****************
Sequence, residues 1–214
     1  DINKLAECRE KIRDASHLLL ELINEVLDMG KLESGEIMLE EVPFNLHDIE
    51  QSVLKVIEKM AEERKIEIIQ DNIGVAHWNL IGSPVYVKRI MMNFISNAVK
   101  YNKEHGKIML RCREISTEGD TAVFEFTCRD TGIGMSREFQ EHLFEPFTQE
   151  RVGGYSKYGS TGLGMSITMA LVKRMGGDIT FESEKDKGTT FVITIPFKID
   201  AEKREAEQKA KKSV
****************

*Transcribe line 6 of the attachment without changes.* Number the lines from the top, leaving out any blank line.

   201  AEKREAEQKA KKSV